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September 29, 2001

Diagnosis and Symptoms

Question from Frankfurt, Germany:

I am 31 years old, and I have recently been told by the physician that I have type 1 diabetes. How do they really differentiate between type 1 and type 2 diabetes?


You have asked a loaded question. In theory, type�1 diabetes results from the autoimmune destruction of the insulin-producing cells called beta cells. Type�2 diabetes is associated with a more prominent genetic history in the family, insulin resistance, and obesity. Type 2 diabetes has generally been more of a problem in individuals over the age of 40, but the recent trend is for younger and younger individuals to develop it, and it is not uncommon to see individuals under age 20 with type 2 diabetes.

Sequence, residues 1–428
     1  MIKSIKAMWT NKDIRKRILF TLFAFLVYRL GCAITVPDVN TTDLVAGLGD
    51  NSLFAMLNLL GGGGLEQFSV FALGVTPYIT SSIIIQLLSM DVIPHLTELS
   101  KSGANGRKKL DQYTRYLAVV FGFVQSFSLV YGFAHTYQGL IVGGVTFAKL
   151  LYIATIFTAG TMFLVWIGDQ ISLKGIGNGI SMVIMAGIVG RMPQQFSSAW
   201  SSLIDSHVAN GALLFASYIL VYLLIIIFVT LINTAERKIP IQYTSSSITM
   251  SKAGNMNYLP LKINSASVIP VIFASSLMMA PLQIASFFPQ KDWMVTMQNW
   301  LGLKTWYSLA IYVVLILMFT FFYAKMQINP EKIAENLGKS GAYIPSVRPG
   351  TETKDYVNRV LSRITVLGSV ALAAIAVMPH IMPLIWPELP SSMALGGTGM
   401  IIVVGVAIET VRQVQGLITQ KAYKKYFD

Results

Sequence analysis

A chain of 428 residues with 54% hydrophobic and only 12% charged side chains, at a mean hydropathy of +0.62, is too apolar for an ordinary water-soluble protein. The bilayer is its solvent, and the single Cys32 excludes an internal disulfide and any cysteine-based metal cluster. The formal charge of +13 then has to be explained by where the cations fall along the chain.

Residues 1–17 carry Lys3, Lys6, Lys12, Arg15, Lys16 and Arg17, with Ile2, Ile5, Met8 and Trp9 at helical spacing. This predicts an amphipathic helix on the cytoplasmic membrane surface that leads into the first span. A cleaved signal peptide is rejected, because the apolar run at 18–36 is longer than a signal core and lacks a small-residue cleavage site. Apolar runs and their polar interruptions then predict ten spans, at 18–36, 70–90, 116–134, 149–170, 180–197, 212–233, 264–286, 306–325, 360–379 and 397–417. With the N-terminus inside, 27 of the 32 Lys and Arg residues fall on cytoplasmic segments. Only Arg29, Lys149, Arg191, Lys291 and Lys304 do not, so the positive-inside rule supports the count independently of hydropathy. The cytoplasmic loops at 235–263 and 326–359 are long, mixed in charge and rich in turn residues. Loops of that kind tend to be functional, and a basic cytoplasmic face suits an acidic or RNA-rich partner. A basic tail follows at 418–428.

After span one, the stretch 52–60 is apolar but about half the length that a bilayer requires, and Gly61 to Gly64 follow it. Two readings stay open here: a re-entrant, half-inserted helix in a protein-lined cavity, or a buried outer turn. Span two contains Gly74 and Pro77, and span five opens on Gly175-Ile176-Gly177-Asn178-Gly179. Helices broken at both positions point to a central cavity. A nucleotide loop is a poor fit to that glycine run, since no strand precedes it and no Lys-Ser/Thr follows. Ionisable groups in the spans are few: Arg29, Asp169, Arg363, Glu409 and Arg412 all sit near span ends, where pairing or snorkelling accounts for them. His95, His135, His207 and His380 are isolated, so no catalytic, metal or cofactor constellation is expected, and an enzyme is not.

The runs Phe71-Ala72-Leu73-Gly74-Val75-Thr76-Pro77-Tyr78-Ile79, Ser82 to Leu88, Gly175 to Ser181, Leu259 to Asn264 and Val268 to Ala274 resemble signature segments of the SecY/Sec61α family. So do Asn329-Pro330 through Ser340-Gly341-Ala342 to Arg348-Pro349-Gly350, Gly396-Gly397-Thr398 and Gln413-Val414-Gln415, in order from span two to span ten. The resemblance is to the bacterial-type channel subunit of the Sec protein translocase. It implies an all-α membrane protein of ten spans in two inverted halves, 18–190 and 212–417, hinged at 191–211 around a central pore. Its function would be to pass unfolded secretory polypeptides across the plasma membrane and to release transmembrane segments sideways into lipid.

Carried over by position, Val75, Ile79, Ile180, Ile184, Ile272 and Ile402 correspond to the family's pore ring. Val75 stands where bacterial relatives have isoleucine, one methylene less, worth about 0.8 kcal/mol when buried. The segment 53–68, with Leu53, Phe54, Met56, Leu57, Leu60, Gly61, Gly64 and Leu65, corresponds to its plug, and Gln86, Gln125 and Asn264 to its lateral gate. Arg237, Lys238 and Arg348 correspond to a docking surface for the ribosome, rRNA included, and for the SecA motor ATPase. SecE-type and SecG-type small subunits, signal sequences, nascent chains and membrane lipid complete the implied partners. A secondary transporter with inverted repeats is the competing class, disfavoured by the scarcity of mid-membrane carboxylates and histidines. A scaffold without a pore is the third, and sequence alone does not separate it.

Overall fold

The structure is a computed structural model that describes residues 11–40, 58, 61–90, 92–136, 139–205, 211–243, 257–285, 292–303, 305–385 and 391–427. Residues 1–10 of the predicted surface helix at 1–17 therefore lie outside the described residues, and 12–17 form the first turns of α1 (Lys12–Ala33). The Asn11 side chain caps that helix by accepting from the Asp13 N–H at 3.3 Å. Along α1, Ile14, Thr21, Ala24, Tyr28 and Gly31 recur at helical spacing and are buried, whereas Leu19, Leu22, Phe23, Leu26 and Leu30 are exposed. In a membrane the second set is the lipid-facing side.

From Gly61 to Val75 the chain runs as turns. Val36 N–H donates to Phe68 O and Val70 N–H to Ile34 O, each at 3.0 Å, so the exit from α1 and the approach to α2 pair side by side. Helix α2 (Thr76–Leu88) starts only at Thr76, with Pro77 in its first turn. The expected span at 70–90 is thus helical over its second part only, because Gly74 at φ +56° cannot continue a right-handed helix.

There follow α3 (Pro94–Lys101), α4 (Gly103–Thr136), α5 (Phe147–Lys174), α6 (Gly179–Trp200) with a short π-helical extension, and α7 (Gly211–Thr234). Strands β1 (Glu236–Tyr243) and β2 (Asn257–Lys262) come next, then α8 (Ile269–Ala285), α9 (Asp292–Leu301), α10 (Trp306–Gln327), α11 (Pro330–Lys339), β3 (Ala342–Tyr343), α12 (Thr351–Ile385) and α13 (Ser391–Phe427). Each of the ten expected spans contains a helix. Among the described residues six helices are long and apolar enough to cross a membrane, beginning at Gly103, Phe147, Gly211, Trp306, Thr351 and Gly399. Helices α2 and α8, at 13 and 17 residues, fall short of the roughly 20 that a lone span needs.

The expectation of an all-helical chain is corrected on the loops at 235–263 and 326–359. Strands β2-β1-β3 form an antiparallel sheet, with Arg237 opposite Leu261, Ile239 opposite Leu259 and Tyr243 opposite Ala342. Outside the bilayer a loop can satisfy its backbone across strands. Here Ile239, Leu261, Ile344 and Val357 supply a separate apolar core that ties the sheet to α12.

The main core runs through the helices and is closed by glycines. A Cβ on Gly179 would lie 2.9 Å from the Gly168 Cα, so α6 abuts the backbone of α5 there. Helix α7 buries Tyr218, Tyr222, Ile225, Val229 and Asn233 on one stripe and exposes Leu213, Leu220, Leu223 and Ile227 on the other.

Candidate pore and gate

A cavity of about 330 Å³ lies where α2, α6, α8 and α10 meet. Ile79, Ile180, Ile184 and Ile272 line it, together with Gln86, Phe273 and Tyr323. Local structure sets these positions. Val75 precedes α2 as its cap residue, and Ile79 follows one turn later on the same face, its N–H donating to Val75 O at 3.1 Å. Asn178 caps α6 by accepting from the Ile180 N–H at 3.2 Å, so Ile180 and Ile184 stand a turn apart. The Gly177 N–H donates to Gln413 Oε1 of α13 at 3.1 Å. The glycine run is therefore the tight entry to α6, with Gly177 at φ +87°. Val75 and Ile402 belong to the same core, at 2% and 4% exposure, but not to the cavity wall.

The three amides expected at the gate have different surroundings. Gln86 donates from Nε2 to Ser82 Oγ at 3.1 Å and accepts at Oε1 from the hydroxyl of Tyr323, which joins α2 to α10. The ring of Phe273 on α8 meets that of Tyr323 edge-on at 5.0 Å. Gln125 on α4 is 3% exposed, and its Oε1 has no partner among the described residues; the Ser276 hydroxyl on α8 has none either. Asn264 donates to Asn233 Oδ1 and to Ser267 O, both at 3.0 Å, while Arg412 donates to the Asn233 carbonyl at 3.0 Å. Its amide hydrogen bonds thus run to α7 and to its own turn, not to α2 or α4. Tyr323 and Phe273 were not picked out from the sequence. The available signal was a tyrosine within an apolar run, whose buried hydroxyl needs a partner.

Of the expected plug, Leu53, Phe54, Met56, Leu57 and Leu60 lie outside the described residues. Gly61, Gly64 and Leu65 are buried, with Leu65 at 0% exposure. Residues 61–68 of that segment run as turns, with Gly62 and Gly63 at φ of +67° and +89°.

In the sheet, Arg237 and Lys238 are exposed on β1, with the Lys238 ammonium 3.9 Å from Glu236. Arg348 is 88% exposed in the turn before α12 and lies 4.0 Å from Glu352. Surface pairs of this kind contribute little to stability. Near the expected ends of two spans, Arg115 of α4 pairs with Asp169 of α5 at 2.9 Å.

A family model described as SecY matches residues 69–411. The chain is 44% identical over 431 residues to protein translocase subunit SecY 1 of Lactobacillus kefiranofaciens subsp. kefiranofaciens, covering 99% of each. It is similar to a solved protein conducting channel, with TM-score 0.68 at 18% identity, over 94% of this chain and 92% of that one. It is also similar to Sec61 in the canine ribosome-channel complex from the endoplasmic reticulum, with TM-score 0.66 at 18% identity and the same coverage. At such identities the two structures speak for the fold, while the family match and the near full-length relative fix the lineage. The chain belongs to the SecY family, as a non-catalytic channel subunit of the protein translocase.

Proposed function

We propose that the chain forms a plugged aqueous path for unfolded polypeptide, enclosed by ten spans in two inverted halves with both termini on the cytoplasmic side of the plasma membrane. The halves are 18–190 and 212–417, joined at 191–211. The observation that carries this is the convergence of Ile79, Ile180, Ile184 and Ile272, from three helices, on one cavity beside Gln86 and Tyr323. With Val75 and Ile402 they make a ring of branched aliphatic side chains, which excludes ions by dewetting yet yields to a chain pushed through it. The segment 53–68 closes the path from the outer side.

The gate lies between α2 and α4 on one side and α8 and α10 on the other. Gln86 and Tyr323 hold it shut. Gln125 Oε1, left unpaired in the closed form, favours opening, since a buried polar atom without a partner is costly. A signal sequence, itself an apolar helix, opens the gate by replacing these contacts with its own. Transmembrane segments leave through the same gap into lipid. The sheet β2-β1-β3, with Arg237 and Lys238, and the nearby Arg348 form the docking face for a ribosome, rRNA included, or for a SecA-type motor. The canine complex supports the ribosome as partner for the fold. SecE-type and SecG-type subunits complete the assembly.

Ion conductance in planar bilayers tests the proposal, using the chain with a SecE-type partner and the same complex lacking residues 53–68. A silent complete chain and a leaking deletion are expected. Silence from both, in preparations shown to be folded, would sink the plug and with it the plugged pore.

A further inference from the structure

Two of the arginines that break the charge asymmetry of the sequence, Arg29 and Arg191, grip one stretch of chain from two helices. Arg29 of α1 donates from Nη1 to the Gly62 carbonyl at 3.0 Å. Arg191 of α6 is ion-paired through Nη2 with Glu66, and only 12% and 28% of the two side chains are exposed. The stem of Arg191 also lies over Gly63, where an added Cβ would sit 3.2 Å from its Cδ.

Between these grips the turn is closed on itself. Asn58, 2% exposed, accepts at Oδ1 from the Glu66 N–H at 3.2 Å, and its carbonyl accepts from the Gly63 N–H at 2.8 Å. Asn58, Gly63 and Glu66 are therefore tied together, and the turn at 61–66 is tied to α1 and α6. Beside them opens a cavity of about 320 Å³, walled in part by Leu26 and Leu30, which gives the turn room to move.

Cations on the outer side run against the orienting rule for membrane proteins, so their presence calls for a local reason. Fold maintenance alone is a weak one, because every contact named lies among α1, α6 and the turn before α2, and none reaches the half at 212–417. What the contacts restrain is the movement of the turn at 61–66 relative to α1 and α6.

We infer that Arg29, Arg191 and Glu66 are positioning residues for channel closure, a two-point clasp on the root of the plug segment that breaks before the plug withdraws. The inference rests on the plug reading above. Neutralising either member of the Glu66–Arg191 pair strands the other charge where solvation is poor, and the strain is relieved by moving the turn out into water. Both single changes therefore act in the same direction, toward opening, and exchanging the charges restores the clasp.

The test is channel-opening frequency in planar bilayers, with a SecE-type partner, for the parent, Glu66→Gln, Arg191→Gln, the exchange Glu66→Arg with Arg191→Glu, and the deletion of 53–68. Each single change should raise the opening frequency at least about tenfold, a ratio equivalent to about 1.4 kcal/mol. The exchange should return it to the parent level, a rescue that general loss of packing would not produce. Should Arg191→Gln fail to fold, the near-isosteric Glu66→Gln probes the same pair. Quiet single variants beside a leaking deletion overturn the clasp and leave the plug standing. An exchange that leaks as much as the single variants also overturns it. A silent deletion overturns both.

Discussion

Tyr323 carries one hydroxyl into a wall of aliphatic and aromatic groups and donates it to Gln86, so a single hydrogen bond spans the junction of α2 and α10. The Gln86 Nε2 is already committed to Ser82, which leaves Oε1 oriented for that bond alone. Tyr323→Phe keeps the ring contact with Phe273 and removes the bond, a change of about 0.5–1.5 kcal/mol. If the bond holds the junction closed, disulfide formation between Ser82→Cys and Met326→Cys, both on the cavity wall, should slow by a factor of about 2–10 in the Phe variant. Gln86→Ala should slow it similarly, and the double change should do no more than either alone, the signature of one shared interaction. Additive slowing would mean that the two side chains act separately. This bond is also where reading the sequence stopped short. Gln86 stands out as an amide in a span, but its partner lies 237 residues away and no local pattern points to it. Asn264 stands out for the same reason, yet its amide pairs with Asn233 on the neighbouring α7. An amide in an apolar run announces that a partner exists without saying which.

The general characteristics of type 1 diabetes include the development of DKA [diabetic ketoacidosis] (although not required), decreased insulin production in response to glucose challenge, and positive antibodies. In addition, patients with type 1 diabetes are usually thin. Patients with type 2 diabetes are obese, have a positive family history, make insulin (and often have elevated insulin levels), and do not have a history of positive antibodies or diabetic ketoacidosis.


[Editor’s comment: The reader should note that the patient’s age at the time of diagnosis is no longer considered relevant. The old terms “juvenile diabetes” and “adult diabetes” are out-of-date.